- - Wednesday, April 4, 2018

Easily the single most impressive and meaningful legislative achievement of the Trump presidency to date has been the passage of the historic tax cuts. Even critics of the law must admit that the initial effects of the law have been positive.

Consider: More than four million working Americans are benefitting from the tax law, while more than $4 billion has been offered to workers in bonuses. More than 400 companies have been passing down savings, while four out of five state have already announced reduced utility bills for residents.

The complete lack of Democratic support for the tax bill, which included provisions such as a corporate tax rate cut that many Democrats had previously supported, was telling. Democrats worked hard to poison the perception of the tax bill when it worked its way through Congress.

AUDIO: Matt Mackowiak with Sasha Issenberg

But the public-relations battles of last fall are entirely irrelevant now.

What matters today is whether voters believe the tax law is beneficial to the economy and whether it has added to their own paychecks.

In December, a New York Times poll conducted by Survey Monkey found just 37 percent support for the law. In early February, public support in the same poll grew to 51 percent.

It will be critical for Republicans to continue to make the case that the tax law is working. This task will require commitment, discipline, focus, and constant repetition of a consistent message in the next six months until the midterm elections.

If the tax law continues to pay dividends, it may not only erase the political risk that Republicans faced in supporting the bill; it may turn the vote against the tax cut into a political liability for Democrats, especially those Democrats in red states and competitive House districts.

Within the tax bill, there was one important question to be settled. Democrats offered the talking point that, under the law President Trump signed, the “corporate tax cut was permanent, but the individual rate tax cut was temporary.”

The budgetary limitations of the ten-year window that are part of the congressional reconciliation process required phasing out part of the tax cuts. Had Democrats offered sufficient support for the package, the entire bill could have been made permanent. But they refused.

So now it is left to the Republicans to ensure that the temporarily lowered individual rates become permanent.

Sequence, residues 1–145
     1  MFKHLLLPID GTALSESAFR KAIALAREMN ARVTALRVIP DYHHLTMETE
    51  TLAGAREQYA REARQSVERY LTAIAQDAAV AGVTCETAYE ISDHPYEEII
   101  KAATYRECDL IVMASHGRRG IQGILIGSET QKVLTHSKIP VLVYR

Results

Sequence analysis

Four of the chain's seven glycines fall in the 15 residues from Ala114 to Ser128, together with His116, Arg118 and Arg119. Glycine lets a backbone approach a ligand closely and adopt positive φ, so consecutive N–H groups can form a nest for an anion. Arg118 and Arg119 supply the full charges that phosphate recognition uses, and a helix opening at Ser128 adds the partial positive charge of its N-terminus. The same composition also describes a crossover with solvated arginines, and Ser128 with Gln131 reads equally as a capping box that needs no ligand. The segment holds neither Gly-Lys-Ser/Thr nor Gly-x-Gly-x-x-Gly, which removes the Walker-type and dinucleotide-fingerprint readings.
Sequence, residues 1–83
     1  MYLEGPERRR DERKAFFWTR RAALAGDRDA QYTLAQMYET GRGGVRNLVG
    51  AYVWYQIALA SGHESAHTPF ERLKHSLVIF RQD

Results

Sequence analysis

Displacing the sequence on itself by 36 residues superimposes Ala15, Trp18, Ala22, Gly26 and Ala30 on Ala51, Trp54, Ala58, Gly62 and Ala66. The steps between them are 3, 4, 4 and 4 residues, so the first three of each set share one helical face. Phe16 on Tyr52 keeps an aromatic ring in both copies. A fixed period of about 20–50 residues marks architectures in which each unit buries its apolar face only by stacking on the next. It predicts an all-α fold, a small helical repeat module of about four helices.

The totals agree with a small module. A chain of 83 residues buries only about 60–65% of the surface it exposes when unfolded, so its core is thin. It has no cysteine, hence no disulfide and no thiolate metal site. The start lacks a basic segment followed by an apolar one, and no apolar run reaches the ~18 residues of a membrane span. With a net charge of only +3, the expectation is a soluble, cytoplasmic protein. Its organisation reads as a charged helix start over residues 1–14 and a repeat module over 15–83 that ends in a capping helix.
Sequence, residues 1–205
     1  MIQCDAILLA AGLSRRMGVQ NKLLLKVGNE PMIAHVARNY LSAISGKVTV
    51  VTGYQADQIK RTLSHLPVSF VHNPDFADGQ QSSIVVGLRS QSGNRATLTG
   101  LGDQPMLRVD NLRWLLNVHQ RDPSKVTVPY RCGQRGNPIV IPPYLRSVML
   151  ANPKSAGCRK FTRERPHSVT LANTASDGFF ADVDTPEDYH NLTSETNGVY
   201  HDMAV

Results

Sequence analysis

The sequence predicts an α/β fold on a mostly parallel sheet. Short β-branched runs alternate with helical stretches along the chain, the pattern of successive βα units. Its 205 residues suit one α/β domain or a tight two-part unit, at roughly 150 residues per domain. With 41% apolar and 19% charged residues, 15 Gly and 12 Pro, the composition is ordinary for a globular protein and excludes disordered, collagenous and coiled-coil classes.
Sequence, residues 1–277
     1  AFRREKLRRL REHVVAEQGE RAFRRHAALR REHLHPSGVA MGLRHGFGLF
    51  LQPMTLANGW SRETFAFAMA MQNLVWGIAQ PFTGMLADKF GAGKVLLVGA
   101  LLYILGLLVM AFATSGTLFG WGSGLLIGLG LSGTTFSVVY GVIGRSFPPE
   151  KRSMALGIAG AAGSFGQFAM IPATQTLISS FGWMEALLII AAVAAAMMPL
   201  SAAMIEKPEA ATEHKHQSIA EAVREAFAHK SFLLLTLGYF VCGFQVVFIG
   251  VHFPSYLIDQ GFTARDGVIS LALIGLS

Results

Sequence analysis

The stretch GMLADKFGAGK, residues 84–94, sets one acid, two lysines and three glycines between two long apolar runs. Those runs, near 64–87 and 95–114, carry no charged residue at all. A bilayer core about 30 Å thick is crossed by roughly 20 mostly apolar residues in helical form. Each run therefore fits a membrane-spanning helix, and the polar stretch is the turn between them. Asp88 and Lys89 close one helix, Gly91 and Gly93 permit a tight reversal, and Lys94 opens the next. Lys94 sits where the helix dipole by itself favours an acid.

Democrats often claim Republicans only care about the wealthy. A push to make the individual tax cuts permanent would offer Democrats a chance to prove that they truly want to help average Americans.

Would Democrats oppose such an effort in a midterm year? Particularly at a time when public approval for the tax cut is rising?

On the campaign trail, it’s evident the Democrats do not want to talk about the economy. Every day seemingly brings new, positive evidence of how the economy is growing and strengthening. Democrats want to distract voters from the economy, which is why they are feverishly working to lob new stink bombs every single day.

This is where Republicans come in. Forcing a vote on Capitol Hill on making the individual tax cuts permanent would remind voters of the stakes in the midterm elections.

Most Democrats will not honestly admit that they plan to raise taxes if they regain control of Washington. But they will raise taxes — you can bet on it.

Another vote on the Trump tax cut to make the individual rate reductions permanent would effectively force Democrats to admit that they do not want lower taxes. They need more tax dollars to increase the size of government. It is a central organizing principle for Democratic candidates and elected officials.

While there has been some talk of a second tax cut package later this year, forcing a vote on this issue is a clear, unifying, strategic and meaningful step that Republicans can take. Vulnerable Democrats can either help Republicans make the individual tax cuts permanent or they can show their true colors and deal with the consequences.

Matt Mackowiak is president of Austin, Texas, and Washington, D.C.-based Potomac Strategy Group. He’s a Republican consultant, a Bush administration and Bush-Cheney re-election campaign veteran and former press secretary to two U.S. senators.

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